Dr. H came to see me before the ward round, went through the risks (i.e. anaphylaxis and death!), got me to sign the consent form, and then had the F1 put a cannula in so that I could have IV chlorphenamine (Piriton) before being given the vaccine. This would hopefully stave off an allergic reaction, although it would also make me sleepy.
J, the Charge Nurse, came with the IV and the jab, asked if I was ready, pumped me full of chlorphenamine, waited 5 minutes for it to whoosh around my body, then stabbed me in the arm with the potential killer jab. All we could do then was wait and see what happened, but at least I hadn't blown up into a Becky balloon and dropped dead immediately. After a while my lungs started to get tight and my sats dropped to 91%, but they were sorted with a couple of oxygen-driven nebulisers, and everything else was okay, thanks to the prophylactic chlorphenamine. I stayed on the ward until just gone 7pm to make sure all stayed okay (there can be a delay in the occurance of a reaction, and if there has been a reaction (which the lung-grumpiness was almost certainly due to) there can be a second wave reaction later), and then I was free to go home. It was a weird experience walking onto the ward in the morning as I'm usually gasping and struggling to breathe at all when I arrive on Ward 29, and it was even weirder to walk off the ward the same day ... a good experience though :o) And hopefully, I'll now be safe from getting swine 'flu :o) My bacon has been saved!
The same cannot be said regarding the whole passing out thing, which is still going on. When I was discharged from hospital the week before last with this the doctor had said that I should get an appointment for the falls and syncope clinic for two weeks time, which would mean I ought to be seen next week. This being the case I was expecting an appointment letter sometime during last week, but nothing came so I phoned the clinic on Thursday to ask what was happening. When I explained what I'd been told about getting an appointment for two weeks time the receptionist laughed and said that there was at least a nine week waiting list. She then went on to tell me that the consultant hasn't even put the referral in yet! The swine! Not only has he not done what he said he would, but I was told porkies about the time-scale, so now goodness knows how long I'll have to wait. I'm going to call the consultant's secretary on Monday to ask when I can expect the referral to be sent, and perhaps say that I'm not impressed that it hasn't been sent all ready as it's really not good to be passing out practically everyday, and not safe either - I fainted while I was cooking the other day, and it could've been really bad if I'd fallen onto the hob ... although it may have speeded up the referral, I guess ...
On a positive note, I have got an appointment for the 24-hour ECG, which may throw some light on what's going on, but only if it's something to do with my heart. Anyway, I go for that next Thursday morning, and then obviously have to go back on Friday morning, but I don't know when I'll get any results from it, or even who the results will be sent to as the referral to the falls and syncope clinic hasn't yet happened and I'd thought it was going to them. I might ask if it can be sent to my GP so that I can at least know it's going somewhere, and somewhere I can access them.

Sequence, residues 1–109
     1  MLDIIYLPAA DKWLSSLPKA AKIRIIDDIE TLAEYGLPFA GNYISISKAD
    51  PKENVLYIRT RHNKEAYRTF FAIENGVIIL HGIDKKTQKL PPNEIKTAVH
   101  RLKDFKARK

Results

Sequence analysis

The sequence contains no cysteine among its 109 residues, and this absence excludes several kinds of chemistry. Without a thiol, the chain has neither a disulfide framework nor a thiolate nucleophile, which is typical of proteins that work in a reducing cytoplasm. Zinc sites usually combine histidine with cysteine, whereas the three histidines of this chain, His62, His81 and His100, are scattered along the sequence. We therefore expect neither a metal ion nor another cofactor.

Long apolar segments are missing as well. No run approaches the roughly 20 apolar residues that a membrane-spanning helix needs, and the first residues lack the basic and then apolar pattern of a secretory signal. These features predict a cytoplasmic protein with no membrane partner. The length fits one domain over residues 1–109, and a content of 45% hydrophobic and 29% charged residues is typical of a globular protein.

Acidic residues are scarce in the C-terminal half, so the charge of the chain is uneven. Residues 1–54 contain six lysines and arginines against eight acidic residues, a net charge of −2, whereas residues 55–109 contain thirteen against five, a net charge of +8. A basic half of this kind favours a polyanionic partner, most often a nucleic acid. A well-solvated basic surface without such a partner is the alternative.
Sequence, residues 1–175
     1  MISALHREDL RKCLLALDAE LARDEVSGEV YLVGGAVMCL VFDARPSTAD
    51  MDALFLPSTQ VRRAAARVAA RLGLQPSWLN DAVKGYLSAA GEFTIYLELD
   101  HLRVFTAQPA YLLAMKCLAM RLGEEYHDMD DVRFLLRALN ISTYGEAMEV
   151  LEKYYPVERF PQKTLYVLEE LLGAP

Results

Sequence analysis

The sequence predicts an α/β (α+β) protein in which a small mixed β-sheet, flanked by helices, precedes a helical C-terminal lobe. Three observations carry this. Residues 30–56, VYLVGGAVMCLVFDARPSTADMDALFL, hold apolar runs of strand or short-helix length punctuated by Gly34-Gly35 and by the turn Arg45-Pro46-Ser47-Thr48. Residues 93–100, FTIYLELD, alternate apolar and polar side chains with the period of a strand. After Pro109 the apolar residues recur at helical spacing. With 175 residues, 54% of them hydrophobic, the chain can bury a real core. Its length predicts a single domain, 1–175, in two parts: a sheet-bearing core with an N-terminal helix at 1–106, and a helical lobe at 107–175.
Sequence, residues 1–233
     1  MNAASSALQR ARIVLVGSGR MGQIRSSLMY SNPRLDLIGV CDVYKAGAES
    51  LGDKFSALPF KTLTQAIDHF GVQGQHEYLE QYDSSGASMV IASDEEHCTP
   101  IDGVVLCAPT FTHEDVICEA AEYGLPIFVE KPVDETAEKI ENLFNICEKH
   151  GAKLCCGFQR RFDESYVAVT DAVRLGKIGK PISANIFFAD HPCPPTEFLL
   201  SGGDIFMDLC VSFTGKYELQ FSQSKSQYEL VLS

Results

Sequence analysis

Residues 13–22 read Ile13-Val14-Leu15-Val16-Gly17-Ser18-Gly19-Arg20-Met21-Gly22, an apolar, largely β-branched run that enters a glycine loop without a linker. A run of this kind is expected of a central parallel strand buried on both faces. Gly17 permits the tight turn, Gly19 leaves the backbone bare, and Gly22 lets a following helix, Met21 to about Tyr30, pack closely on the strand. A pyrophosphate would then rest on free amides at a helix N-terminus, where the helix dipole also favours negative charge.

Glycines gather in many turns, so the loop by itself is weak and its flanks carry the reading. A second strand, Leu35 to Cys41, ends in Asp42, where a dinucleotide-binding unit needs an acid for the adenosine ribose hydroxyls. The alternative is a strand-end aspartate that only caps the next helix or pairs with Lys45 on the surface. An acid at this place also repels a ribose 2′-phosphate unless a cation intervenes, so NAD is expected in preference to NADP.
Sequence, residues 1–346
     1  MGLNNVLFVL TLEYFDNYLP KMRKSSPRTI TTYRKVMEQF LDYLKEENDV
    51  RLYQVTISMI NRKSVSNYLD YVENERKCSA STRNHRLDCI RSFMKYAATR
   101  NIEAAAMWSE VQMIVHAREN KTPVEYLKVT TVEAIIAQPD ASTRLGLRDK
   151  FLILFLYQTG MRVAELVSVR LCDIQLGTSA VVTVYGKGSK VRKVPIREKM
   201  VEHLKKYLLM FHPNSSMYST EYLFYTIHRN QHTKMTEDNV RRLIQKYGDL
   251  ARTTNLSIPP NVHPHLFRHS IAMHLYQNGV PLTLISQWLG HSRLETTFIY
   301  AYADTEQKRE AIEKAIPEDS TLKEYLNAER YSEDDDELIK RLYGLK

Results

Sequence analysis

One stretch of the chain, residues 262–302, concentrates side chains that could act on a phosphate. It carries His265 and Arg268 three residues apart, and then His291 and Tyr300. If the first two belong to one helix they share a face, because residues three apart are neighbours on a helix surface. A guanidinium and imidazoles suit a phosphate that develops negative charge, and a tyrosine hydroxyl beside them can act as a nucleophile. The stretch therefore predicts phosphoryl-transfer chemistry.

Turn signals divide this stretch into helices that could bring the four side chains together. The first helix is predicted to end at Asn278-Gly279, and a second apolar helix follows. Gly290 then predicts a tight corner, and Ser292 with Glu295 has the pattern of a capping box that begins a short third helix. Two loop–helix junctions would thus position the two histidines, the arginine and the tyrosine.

Now then, keeping on the theme of pigs - having my bacon saved from swine 'flu, swines of doctors who don't do what they say they're going to, and flying pigs for getting appointments - I was sent an email the other day that made me laugh a lot. I thought I'd share it with you so read on for a giggle. Oh, and apparently it really was sent to David Milliband.
Nigel Johnson-Hill
Park Farm
GU30 7JT

Rt Hon David Milliband MP
Secretary of State.
Department for Environment, Farming and Rural Affairs (DEFRA)
Nobel House
17 Smith Square
16th July 2009
Dear Secretary of State,
My friend, who is in farming at the moment, recently received a cheque for £3,000 from the Rural Payments Agency for not rearing pigs. I would now like to join the "not rearing pigs" business.
In your opinion, what is the best kind of farm not to rear pigs on, and which is the best breed of pigs not to rear? I want to be sure I approach this endeavour in keeping with all government policies, as dictated by the EU under the Common Agricultural Policy.
I would prefer not to rear bacon pigs, but if this is not the type you want not rearing, I will just as gladly not rear porkers. Are there any advantages in not rearing rare breeds such as Sadlebacks or Gloucester Old Spots, or are there too many people already not rearing these?
As I see it, the hardest part of this programme will be keeping an accurate record of how many pigs I haven't reared. Are there any Government or Local Authority courses on this?
My friend is very satisfied with this business. He has been rearing pigs for forty years or so, and the best he ever made on them was £1,422 in 1968. That is - until this year, when he received a cheque for not rearing any.